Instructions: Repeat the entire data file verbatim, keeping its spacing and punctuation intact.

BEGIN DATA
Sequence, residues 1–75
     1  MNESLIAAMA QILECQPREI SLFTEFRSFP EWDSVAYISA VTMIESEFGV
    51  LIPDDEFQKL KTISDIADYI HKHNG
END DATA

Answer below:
Sequence, residues 1–75
     1  MNESLIAAMA QILECQPREI SLFTEFRSFP EWDSVAYISA VTMIESEFGV
    51  LIPDDEFQKL KTISDIADYI HKHNG